Play as Representational Practice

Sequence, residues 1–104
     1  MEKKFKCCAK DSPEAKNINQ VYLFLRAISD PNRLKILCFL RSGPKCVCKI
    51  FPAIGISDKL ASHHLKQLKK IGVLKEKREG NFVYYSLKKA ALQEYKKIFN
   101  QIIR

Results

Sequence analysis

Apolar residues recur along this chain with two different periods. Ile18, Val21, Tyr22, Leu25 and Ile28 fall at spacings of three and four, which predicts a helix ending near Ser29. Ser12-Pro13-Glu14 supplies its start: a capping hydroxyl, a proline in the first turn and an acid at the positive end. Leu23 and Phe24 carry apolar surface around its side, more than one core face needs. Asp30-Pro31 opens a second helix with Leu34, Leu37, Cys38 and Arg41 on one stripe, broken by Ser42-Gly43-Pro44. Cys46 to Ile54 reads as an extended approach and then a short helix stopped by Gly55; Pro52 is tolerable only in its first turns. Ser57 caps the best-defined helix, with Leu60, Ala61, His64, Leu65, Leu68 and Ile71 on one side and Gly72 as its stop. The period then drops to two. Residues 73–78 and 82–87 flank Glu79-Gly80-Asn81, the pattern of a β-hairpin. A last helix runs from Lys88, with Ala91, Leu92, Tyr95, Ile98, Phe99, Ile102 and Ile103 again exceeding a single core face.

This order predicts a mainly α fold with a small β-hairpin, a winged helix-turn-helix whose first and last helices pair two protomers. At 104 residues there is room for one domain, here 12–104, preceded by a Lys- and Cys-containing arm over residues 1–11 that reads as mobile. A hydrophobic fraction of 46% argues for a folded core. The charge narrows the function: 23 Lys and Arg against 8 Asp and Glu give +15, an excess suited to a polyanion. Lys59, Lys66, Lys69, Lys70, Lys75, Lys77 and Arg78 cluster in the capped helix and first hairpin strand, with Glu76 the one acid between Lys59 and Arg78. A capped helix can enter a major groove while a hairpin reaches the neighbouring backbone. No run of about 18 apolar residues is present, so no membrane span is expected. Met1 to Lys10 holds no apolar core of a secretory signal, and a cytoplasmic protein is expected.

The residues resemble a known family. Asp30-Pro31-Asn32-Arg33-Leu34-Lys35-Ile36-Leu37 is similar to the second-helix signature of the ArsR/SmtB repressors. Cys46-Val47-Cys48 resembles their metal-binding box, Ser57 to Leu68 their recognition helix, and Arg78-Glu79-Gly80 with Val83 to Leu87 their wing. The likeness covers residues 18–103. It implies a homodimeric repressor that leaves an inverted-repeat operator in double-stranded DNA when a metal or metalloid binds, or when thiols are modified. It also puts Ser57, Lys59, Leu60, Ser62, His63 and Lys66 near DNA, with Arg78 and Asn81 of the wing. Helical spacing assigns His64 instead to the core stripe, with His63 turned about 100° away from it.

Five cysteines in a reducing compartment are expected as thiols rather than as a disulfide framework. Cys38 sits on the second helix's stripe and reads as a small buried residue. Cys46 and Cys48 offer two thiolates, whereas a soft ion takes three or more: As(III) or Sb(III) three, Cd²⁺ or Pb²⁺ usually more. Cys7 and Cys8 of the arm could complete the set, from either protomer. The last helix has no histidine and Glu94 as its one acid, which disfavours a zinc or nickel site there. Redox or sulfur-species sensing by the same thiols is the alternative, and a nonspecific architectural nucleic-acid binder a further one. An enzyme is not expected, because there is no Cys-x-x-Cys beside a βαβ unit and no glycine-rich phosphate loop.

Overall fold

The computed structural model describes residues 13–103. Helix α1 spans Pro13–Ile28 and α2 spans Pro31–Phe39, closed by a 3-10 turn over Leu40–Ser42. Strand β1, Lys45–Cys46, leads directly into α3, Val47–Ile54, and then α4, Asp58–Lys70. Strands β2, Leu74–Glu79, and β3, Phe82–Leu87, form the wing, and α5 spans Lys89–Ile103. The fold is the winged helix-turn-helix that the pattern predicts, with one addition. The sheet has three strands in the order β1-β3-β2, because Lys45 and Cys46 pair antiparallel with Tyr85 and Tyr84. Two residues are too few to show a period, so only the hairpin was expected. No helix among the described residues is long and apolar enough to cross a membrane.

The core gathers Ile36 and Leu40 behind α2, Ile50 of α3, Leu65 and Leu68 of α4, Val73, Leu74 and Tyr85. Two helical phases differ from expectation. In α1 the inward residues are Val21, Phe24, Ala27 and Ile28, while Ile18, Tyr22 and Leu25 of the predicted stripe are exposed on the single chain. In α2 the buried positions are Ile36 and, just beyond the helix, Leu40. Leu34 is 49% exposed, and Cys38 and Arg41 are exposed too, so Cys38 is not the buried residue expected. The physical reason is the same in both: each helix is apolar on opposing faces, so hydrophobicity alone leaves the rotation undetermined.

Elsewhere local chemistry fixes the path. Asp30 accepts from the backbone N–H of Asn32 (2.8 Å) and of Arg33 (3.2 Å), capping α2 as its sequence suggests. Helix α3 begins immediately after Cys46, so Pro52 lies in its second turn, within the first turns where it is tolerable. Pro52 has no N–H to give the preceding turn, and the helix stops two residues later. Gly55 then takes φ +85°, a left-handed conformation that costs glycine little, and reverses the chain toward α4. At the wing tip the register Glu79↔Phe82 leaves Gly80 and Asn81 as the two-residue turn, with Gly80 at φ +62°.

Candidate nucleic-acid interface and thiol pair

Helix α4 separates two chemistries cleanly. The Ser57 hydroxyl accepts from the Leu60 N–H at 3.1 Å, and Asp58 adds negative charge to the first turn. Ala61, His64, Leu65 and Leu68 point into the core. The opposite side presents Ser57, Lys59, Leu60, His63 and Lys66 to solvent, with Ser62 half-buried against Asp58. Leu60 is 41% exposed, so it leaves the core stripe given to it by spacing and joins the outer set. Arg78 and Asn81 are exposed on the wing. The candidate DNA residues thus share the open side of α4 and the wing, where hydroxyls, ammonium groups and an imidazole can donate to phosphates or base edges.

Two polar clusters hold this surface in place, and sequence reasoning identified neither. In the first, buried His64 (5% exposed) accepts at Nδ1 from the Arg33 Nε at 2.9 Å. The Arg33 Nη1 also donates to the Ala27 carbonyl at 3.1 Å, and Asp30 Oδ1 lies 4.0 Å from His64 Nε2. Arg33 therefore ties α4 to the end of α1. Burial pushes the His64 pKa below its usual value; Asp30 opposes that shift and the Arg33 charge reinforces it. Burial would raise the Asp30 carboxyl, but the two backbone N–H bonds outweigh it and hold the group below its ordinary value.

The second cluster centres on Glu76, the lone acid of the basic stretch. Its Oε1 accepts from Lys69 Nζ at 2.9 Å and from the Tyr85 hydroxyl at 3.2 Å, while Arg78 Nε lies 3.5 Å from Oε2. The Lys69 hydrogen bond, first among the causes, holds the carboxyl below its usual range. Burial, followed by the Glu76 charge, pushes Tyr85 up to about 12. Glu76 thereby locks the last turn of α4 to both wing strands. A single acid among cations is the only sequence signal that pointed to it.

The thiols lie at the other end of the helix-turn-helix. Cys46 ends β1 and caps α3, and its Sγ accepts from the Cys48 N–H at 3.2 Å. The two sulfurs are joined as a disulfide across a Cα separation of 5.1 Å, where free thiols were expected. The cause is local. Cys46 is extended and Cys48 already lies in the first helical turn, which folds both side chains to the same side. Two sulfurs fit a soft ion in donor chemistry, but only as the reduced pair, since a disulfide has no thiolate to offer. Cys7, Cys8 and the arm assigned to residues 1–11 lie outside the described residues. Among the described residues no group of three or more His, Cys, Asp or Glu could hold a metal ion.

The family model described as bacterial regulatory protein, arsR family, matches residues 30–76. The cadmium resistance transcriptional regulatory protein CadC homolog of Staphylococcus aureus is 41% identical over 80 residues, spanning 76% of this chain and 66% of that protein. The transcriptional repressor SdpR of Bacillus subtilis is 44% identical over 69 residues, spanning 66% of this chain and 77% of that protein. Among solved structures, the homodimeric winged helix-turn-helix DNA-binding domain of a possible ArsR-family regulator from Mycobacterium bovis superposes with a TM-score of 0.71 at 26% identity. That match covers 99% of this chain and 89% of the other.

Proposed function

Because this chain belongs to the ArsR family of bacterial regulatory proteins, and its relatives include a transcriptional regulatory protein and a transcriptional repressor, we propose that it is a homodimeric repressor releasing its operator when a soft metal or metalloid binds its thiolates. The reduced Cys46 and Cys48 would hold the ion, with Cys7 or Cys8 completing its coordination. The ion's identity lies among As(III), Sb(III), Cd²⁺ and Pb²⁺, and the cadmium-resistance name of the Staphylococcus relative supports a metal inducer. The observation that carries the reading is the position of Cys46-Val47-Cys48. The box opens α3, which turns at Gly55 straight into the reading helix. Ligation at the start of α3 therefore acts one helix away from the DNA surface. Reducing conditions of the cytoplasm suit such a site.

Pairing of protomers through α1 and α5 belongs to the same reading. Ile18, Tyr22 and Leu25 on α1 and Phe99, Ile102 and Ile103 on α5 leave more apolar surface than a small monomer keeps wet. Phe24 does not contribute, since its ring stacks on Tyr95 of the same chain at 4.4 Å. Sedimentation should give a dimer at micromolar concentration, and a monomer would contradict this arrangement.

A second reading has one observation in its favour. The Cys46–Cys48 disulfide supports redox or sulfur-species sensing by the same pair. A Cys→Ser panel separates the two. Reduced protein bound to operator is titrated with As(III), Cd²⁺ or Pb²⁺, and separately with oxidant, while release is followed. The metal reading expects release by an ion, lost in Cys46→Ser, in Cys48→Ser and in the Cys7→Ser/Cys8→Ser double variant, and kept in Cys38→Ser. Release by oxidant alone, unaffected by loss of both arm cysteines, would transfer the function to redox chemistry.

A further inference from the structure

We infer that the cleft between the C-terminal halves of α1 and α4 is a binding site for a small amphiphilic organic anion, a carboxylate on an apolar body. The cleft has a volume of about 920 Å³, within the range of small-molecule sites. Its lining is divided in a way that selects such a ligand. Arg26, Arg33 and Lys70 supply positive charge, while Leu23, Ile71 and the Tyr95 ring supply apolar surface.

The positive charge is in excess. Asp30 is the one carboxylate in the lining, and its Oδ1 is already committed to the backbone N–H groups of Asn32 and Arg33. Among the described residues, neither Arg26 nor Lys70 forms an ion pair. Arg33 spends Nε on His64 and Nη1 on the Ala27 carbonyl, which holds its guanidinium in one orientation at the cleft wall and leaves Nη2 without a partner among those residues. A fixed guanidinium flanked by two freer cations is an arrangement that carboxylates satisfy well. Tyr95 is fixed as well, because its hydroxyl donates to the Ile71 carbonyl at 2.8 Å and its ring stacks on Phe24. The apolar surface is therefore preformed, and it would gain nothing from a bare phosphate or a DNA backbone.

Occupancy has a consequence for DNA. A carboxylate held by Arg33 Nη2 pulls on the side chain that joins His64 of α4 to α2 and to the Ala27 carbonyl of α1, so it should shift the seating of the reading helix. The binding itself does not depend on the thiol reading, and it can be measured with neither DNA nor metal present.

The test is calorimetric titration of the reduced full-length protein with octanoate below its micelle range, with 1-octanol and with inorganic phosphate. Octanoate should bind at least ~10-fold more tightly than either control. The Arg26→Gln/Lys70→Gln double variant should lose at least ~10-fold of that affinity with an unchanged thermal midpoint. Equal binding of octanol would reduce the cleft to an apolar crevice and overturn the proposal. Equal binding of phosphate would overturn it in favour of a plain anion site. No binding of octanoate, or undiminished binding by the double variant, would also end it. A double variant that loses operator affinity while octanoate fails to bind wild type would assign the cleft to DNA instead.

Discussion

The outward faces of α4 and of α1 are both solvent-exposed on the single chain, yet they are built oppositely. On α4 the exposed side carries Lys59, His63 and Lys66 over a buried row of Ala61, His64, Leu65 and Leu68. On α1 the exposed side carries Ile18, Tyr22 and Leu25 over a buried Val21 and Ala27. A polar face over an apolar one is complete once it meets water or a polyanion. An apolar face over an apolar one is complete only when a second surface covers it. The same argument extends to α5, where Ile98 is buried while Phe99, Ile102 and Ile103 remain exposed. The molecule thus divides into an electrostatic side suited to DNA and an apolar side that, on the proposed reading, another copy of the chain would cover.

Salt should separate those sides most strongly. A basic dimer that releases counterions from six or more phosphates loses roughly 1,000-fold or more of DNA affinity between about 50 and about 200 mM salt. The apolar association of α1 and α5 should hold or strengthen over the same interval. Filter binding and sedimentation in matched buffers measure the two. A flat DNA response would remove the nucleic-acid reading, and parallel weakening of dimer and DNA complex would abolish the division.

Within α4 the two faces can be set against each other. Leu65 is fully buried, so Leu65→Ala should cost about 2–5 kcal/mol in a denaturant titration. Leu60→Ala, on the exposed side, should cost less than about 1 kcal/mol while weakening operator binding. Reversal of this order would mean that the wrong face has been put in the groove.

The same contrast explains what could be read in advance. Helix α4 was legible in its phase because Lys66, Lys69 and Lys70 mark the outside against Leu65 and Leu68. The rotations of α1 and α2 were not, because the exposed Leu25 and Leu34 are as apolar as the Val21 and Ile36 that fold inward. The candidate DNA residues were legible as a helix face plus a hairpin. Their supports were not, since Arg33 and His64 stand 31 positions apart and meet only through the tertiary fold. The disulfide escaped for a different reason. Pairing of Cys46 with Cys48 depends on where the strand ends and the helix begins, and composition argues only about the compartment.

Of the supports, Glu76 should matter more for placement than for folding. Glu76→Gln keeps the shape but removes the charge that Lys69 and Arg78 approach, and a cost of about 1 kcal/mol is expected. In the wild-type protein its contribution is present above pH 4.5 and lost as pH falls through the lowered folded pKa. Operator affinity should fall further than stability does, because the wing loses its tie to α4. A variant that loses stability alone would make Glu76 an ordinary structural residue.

Play is crucial for learning and development in part because it provides a space for learners to explore representation, which is key to communication across disciplines (Vygotsky, 1978). We argue it is productive to move beyond viewing representation as part of the play to viewing play as a representational practice (Danish & Phelps, 2011). A practice-oriented view suggests that representations such as graphs or playful skits do not have inherent, universal value or meaning, and instead focuses on how representations are created in social contexts where local norms and activities help to define what they mean for participants in the moment (Danish & Phelps, 2011; Greeno & Hall, 1997; Hall, 1996). For example, within a science classroom, we often see students and teachers expect a drawing of an organism to include accurate body parts (e.g., a bees’ nectar stomach) (Danish & Enyedy, 2007). In the play, however, the local practice might be that all bees are represented as having wings, but can also carry an unrealistic and yet fun bucket for holding nectar. We argue that this perspective allows us to better view play along a spectrum with “free play” at students’ discretion on one end, and teacher-promoted academic play at the other end. This spectrum helps us better understand how some forms of play are treated as academic, how different kinds of play that support academic learning develop, and how they are related to other forms of representational activity within the classroom.